For the third time is less than two years, Madison Township is searching for a new fire chief after two of the department's longest-serving employees decided the job wasn't for them.

Jeff Fasone is serving as interim chief after announcing he would not continue as the leader of a department who oversees more than 50 employees, three fire stations and a budget of more than $13 million.

Fasone, who joined the department in 1985 as a part-time firefighter and paramedic, was sworn in as chief in June 2018 and resigned in May, before completing his one-year probation.

The Ohio Fire Chiefs' Association is assisting the township in a nationwide search.

"The job wasn't a good fit for me," Fasone said. "I had a discussion with my family about it, and we just came to the decision that it would be better for me to step down. At that time, I had a discussion with the trustees, and they supported me retaining a place in the department and finding a replacement for my position."

Trustees have agreed to create a position within the department after Madison Township Professional Firefighters IAFF Local 2507 would not allow Fasone to return to the union as a battalion chief, township trustees Chairman John Pritchard said.

"Moving him into his previous position would have caused the demotion of two union employees," union President Lt. Rashid Taylor said in an email. "As president of the local, it is my responsibility to protect those employees."

When Fasone was named fire chief, James Looney was promoted to battalion chief, and Andrew Slivka was promoted to lieutenant.

Pritchard said he was surprised by the union's decision.

"The union that he's paid dues to for his entire career and as fire chief said, 'No, you're not coming back into the union as a battalion chief. We are not taking you back,'" Pritchard said. "To be perfectly honest, that just disgusts me. His seniority didn't matter at the end of the day."

Fasone replaced Battalion Chief Chris Pallos, a veteran of more than 40 years who served as interim chief for less than a month.

Pallos took over for former Chief Robert Bates, who was hired in 2000 and retired in January 2018.

"I really wanted someone from the inside, but it didn't work out," Pritchard said. "It hasn't put Madison Township in a worse position. I'm actually more satisfied now that we're doing the right thing going outside because we gave the guys on the inside a chance to see if they could do the job or wanted the job."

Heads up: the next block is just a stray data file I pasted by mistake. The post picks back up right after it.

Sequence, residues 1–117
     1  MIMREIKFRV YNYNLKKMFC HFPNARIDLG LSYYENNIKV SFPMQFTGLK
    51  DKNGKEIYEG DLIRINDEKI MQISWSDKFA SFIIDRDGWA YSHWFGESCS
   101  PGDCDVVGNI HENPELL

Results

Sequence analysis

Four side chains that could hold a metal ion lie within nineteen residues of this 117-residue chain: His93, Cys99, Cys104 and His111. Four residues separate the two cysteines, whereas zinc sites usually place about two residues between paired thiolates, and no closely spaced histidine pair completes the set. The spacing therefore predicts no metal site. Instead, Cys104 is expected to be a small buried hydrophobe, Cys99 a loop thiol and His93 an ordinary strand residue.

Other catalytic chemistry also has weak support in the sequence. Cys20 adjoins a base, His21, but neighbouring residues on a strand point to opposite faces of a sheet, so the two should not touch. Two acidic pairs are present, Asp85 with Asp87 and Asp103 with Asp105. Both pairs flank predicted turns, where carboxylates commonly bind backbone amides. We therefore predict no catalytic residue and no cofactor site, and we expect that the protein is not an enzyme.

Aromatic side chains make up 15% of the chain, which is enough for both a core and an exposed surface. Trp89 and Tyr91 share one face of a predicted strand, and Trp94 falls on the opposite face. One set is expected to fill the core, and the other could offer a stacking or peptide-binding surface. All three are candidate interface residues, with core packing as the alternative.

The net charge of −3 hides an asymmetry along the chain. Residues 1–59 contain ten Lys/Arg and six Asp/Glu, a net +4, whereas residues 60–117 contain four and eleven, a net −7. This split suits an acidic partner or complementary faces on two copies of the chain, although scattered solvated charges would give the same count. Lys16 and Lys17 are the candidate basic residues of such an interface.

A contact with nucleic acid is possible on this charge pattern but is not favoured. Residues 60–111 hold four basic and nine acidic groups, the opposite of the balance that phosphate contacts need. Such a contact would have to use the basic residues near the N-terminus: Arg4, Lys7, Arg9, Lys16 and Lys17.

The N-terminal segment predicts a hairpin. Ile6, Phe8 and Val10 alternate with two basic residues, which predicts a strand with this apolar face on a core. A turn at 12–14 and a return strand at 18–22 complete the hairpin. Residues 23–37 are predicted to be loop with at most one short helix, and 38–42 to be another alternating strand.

Township administrator Susan Brobst said 11 candidates have applied and the chiefs' association will assess the applications, with township officials interviewing the final candidates.

"This is an entire process that the chiefs' association does on a fairly regular basis," Brobst said. "We anticipate the final step will be interviews with the final few candidates and that will more than likely take place toward the end of August."

The chiefs' association also interviewed union members "to ascertain what we wanted, and needed, in a new fire chief," Taylor said. "We appreciated having the opportunity to be actively involved in that process."

The union expressed interest in having a chief who "knows the difference between leadership and management and be able to incorporate both of these in a functional manner that supports the operations of the department and promotes a sense of esprit de corps within the organization," Taylor said.

He also noted the new chief should implement succession planning to help others in the organization be able to take over key leadership positions.

"Unfortunately, this has not been a consistent possibility here at Madison Township," he said.

"We have many talented and educated members with good leadership skills and knowledge who can be afforded that possibility in the future," Taylor said.

Currently, Fasone is paid $125,000 annually, which would be the minimum salary for the new chief, Brobst said.

Members of Local 2507 recently agreed to a 2.75% pay increase for one year and extending contract negotiations, so trustees can get a new chief in place, Pritchard said.

The previous three-year contract, which included 3% pay increases each year and wellness incentives for firefighters, medics, lieutenants and battalion chiefs, expired April 30.

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